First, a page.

With the reputation of the Big Three - Standard & Poor's, Moody's and Fitch Group - coming under fire since the 2008 financial crisis, many have questioned their ratings methods. Marc Joffe, a former Senior Director at Moody's and now Principal Consultant at Public Sector Credit Solutions (PSCS), has recently argued that economists and other academic social scientists, via logit and probit econometric models, are better equipped than ratings agencies to assess the default risk of sovereigns and municipalities.[13] To support better ratings methods, PSCS (in partnership with Wikirating) maintains a comprehensive public database of sovereign defaults, revenues, expenditures, debt levels, and debt service costs. PSCS has also developed the Public Sector Credit Framework, an open source budget simulation model that helps analysts assess default probabilities.

Examples of sovereign default[edit]

A failure of a nation to meet bond repayments has been seen on many occasions. Philip II of Spain defaulted on debt four times - in 1557, 1560, 1575 and 1596 - becoming the first nation in history to declare sovereign default due to rising military costs and the declining value of gold, as it had become increasingly dependent on the revenues flowing in from its mercantile empire in the Americas.[14][15] This sovereign default threw the German banking houses into chaos and ended the reign of the Fuggers as Spanish financiers. Genoese bankers provided the unwieldy Habsburg system with fluid credit and a dependably regular income. In return the less dependable shipments of American silver were rapidly transferred from Seville to Genoa, to provide capital for further ventures.

In the 1820s, several Latin American countries which had recently entered the bond market in London defaulted. These same countries frequently defaulted during the nineteenth century, but the situation was typically rapidly resolved with a renegotiation of loans, including the writing off of some debts.[16]

A failure to meet payments became common again in the late 1920s and 1930s; as protectionism rose and international trade fell, countries possessing debts denominated in other currencies found it increasingly difficult to meet terms agreed under more favourable economic conditions. For example, in 1932, Chile's scheduled repayments exceeded the nation's total exports (or, at least, its exports under current pricing; whether reductions in prices - forced sales - would have enabled fulfilling creditor's rights is unknown).[16]

List of sovereign debt defaults or debt restructuring[edit]

The following list includes actual sovereign defaults and debt restructuring of independent countries from 1800 till 2012:[17]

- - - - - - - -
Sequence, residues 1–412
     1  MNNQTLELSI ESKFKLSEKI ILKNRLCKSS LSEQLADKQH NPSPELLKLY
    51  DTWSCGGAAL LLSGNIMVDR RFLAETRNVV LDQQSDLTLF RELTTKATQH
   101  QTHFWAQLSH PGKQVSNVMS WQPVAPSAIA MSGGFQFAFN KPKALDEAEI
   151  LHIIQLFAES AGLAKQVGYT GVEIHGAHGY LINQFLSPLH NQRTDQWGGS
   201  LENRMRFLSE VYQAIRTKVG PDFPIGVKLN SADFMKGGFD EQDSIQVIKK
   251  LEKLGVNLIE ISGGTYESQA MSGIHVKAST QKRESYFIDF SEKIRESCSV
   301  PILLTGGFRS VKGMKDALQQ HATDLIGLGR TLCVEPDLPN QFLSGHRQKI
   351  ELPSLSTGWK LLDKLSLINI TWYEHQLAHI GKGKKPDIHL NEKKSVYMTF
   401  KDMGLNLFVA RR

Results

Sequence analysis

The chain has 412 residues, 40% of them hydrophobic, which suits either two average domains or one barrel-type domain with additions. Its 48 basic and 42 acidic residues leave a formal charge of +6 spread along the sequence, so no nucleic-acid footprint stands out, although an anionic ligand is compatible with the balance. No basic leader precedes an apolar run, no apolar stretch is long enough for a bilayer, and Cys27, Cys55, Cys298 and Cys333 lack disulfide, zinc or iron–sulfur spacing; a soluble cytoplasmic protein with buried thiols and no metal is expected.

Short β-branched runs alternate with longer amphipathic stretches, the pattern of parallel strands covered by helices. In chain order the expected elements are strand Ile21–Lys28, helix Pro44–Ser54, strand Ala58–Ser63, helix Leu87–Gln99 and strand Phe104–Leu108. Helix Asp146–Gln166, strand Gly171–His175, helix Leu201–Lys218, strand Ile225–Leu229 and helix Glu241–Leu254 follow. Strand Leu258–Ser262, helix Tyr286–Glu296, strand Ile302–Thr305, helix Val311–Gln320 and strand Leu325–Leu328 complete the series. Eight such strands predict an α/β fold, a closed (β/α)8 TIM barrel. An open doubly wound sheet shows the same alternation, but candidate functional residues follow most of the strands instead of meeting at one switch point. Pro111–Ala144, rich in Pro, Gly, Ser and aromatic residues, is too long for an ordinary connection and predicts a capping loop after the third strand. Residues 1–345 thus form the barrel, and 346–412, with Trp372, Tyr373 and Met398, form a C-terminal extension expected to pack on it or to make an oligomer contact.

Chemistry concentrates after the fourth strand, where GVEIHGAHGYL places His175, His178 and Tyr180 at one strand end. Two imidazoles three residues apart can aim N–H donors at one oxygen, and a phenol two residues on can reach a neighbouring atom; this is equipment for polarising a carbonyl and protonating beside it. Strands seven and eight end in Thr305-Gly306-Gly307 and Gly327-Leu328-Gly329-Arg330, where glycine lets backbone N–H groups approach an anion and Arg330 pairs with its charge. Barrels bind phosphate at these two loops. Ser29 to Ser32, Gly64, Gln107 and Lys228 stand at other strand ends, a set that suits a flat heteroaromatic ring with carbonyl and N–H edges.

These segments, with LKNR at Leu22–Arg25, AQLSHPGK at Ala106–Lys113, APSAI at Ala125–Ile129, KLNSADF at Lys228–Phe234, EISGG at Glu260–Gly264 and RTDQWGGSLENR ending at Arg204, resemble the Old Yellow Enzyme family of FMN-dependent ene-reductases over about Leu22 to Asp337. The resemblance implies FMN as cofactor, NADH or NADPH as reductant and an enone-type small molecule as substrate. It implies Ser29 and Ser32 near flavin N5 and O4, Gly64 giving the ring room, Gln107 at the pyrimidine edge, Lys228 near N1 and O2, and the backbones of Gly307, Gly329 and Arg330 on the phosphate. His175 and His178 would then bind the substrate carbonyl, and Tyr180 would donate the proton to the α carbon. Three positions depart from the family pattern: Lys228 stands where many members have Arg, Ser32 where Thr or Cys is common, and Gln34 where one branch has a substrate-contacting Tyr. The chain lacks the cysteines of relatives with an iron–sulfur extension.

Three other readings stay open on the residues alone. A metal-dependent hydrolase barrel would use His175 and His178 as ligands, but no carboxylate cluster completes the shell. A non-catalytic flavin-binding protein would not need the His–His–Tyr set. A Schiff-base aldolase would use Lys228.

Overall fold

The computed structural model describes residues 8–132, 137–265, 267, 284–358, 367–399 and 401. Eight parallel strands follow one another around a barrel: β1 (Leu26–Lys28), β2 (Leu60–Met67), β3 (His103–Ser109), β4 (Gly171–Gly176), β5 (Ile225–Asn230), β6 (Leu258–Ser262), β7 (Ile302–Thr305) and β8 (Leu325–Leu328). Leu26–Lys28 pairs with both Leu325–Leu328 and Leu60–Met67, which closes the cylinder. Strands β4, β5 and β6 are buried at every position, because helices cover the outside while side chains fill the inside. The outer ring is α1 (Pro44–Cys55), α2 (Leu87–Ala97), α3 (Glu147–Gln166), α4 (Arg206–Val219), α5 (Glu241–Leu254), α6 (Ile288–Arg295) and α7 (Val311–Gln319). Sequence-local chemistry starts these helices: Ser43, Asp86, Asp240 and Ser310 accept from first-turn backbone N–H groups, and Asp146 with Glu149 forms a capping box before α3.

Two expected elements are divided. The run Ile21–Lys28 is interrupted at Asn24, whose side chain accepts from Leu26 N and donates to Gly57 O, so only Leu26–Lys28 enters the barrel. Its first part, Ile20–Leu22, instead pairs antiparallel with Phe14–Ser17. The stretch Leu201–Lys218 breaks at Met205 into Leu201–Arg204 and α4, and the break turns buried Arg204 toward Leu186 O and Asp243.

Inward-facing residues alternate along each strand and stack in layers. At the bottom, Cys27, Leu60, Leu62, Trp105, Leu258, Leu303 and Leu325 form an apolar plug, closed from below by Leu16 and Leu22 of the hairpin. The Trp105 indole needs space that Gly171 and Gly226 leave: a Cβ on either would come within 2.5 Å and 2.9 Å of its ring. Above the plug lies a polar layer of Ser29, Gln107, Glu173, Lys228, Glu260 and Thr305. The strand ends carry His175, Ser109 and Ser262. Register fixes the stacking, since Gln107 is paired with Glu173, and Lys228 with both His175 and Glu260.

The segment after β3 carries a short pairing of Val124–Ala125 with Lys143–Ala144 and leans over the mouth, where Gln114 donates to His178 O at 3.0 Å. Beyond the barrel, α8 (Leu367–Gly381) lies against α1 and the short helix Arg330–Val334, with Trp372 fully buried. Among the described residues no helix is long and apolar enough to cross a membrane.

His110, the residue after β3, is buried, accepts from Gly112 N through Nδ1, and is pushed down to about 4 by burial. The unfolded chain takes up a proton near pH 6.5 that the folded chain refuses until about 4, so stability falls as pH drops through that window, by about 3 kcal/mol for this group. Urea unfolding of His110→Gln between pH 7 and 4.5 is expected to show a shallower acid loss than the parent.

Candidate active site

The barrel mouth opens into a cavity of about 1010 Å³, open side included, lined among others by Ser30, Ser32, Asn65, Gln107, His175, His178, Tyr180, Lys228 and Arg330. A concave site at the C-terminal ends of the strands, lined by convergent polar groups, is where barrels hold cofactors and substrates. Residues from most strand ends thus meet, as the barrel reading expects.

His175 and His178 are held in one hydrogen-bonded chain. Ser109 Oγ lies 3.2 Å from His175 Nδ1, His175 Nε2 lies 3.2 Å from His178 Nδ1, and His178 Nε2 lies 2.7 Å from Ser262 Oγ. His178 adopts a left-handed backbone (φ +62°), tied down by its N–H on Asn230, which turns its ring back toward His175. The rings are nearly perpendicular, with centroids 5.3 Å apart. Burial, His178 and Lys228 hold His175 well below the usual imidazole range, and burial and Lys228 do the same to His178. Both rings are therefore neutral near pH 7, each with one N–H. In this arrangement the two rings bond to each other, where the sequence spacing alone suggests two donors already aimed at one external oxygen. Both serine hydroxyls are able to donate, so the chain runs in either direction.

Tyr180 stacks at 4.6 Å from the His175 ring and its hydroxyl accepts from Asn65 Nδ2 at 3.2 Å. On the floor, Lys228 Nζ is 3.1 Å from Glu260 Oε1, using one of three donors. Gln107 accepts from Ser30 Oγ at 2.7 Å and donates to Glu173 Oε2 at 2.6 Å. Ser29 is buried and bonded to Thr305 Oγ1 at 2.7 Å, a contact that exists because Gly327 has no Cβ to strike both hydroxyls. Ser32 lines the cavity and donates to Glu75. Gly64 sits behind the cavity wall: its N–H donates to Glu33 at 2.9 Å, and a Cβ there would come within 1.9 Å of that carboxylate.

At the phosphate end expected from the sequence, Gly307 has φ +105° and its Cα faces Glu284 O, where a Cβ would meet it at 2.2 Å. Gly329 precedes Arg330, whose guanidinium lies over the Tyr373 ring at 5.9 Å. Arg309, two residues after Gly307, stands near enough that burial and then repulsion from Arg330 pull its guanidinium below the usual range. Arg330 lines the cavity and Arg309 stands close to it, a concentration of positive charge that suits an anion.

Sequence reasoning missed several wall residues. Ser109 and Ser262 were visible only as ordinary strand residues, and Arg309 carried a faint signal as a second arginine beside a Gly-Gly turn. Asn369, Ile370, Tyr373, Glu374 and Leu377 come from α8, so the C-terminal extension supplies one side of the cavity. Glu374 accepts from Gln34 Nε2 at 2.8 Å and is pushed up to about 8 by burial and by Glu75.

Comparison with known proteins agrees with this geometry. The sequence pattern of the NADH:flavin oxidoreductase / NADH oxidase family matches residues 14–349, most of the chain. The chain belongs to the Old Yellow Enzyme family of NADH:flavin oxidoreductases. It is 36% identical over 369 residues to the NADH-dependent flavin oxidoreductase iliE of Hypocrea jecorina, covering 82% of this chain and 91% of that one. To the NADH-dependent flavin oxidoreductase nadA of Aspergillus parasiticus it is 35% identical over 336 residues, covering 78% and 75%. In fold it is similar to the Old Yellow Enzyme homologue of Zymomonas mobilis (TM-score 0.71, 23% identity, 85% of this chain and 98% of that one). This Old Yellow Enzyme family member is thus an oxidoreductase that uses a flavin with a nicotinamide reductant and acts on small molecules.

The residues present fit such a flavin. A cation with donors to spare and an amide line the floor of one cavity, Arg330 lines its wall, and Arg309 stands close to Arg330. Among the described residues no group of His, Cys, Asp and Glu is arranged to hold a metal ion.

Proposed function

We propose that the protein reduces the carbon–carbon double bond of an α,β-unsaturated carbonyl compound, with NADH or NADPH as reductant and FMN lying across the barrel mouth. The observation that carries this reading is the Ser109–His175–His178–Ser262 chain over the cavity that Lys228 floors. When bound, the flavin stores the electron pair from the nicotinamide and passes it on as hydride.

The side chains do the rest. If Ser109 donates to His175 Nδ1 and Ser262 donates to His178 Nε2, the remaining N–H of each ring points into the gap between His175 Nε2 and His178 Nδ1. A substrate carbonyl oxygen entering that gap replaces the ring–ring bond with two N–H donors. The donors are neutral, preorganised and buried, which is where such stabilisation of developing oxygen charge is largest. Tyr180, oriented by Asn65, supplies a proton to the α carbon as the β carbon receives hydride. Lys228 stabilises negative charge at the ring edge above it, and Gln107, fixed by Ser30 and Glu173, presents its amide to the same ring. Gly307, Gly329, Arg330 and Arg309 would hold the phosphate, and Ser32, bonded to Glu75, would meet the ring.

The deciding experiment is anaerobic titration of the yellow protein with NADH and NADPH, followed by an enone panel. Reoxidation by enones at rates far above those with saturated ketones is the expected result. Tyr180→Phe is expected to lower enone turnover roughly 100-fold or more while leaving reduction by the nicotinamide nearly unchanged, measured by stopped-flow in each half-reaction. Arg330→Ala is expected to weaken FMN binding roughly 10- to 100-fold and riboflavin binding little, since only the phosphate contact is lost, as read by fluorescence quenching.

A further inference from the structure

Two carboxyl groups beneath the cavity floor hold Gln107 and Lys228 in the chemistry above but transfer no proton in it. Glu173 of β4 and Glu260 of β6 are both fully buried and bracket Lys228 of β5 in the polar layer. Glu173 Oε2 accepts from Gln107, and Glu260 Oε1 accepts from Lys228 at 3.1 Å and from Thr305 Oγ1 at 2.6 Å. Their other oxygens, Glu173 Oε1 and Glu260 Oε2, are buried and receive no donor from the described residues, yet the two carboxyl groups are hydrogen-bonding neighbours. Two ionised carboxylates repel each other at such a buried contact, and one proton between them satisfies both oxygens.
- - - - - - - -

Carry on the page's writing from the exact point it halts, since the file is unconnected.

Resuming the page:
• Algeria (1991)
  • Angola (1976,[18] 1985, 1992-2002[18])
  • Cameroon (2004)[18]
  • Central African Republic (1981, 1983)
  • Congo (Kinshasa) (1979)[18]
  • Côte d'Ivoire (1983, 2000, 2011)
  • Gabon (1999–2005)[18]
  • Ghana (1979, 1982)[18]
  • Liberia (1989–2006)[18]
  • Madagascar (2002)[18]
  • Mozambique (1980)[18]
  • Rwanda (1995)[18]
  • Sierra Leone (1997–1998)[18]
  • Sudan (1991)[18]
  • Tunisia (1867)
  • Egypt (1876, 1984)
  • Kenya (1994, 2000)
  • Morocco (1983, 1994, 2000)
  • Nigeria (1982, 1986, 1992, 2001, 2004)
  • South Africa (1985, 1989, 1993)
  • Zambia (1983)
  • Zimbabwe (1965, 2000, 2006[18] (see Hyperinflation in Zimbabwe)
  • Antigua and Barbuda (1998–2005)[18]
  • Argentina (1827, 1890, 1951, 1956, 1982, 1989, 2002-2005[18] (see Argentine debt restructuring), 2014[19][19][20])
  • Bolivia (1875, 1927,[18] 1931, 1980, 1986, 1989)
  • Brazil (1898, 1902, 1914, 1931, 1937, 1961, 1964, 1983, 1986–1987,[18] 1990[18])
  • Canada (Alberta) (1935)[18]
  • Chile (1826, 1880, 1931, 1961, 1963, 1966, 1972, 1974, 1983)
  • Colombia (1826, 1850, 1873, 1880, 1900, 1932, 1935)
  • Costa Rica (1828, 1874, 1895, 1901, 1932, 1962, 1981, 1983, 1984)
  • Dominica (2003–2005)[18]
  • Dominican Republic (1872, 1892, 1897, 1899, 1931, 1975-2001[18] (see Latin American debt crisis), 2005)
  • Ecuador (1826, 1868, 1894, 1906, 1909, 1914, 1929, 1982, 1984, 2000, 2008)
  • El Salvador (1828, 1876, 1894, 1899, 1921, 1932, 1938, 1981-1996[18])
  • Grenada (2004–2005)[18]
  • Guatemala (1933, 1986, 1989)
  • Guyana (1982)
  • Honduras (1828, 1873, 1981)
  • Jamaica (1978)
  • Mexico (1827, 1833, 1844, 1850,[18] 1866, 1898, 1914, 1928-1930s, 1982)
  • Nicaragua (1828, 1894, 1911, 1915, 1932, 1979)
  • Panama (1932, 1983, 1983, 1987, 1988-1989[18])
  • Paraguay (1874, 1892, 1920, 1932, 1986, 2003)
  • Peru (1826, 1850,[18] 1876, 1931, 1969, 1976, 1978, 1980, 1984)
  • Surinam (2001–2002)[18]
  • Trinidad and Tobago (1989)
  • United States (1779 (devaluation of Continental Dollar), 1790, 1798 (see The Quasi-war), 1862,[21] 1933 (see Executive Order 6102),[18] 1971 (Nixon Shock)
    • 9 states (1841–1842)[18]
    • 10 states (1873-83 or 1884)[18]
  • Uruguay (1876, 1891, 1915, 1933, 1937,[18] 1983, 1987, 1990)
  • Venezuela (1826, 1848, 1860, 1865, 1892, 1898, 1982, 1990, 1995–1997,[18] 1998,[18] 2004)
  • China (1921, 1932,[18] 1939)
  • Japan (1942, 1946-1952[18])
  • India (1958, 1969,[citation needed] 1972)